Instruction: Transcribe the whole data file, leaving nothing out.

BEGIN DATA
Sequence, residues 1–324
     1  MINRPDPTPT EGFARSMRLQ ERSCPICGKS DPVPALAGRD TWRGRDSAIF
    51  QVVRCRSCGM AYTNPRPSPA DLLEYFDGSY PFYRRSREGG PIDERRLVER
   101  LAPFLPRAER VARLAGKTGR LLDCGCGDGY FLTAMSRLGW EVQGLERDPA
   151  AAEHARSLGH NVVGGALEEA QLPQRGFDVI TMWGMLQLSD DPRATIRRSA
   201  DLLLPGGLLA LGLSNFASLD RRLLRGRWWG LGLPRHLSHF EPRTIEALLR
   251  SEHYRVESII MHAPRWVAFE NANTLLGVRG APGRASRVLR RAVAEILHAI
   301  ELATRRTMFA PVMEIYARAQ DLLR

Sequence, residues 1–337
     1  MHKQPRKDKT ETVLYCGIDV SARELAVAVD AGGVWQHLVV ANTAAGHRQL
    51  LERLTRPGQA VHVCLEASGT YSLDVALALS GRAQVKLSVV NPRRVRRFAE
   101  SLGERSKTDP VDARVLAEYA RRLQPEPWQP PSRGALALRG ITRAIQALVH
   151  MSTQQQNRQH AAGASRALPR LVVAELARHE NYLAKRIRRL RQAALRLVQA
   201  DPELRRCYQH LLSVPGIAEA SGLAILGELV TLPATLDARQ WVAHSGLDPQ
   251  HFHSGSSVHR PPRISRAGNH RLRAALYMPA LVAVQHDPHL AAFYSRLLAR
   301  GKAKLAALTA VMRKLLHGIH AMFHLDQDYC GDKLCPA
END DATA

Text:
Sequence, residues 1–324
     1  MINRPDPTPT EGFARSMRLQ ERSCPICGKS DPVPALAGRD TWRGRDSAIF
    51  QVVRCRSCGM AYTNPRPSPA DLLEYFDGSY PFYRRSREGG PIDERRLVER
   101  LAPFLPRAER VARLAGKTGR LLDCGCGDGY FLTAMSRLGW EVQGLERDPA
   151  AAEHARSLGH NVVGGALEEA QLPQRGFDVI TMWGMLQLSD DPRATIRRSA
   201  DLLLPGGLLA LGLSNFASLD RRLLRGRWWG LGLPRHLSHF EPRTIEALLR
   251  SEHYRVESII MHAPRWVAFE NANTLLGVRG APGRASRVLR RAVAEILHAI
   301  ELATRRTMFA PVMEIYARAQ DLLR

Sequence, residues 1–337
     1  MHKQPRKDKT ETVLYCGIDV SARELAVAVD AGGVWQHLVV ANTAAGHRQL
    51  LERLTRPGQA VHVCLEASGT YSLDVALALS GRAQVKLSVV NPRRVRRFAE
   101  SLGERSKTDP VDARVLAEYA RRLQPEPWQP PSRGALALRG ITRAIQALVH
   151  MSTQQQNRQH AAGASRALPR LVVAELARHE NYLAKRIRRL RQAALRLVQA
   201  DPELRRCYQH LLSVPGIAEA SGLAILGELV TLPATLDARQ WVAHSGLDPQ
   251  HFHSGSSVHR PPRISRAGNH RLRAALYMPA LVAVQHDPHL AAFYSRLLAR
   301  GKAKLAALTA VMRKLLHGIH AMFHLDQDYC GDKLCPA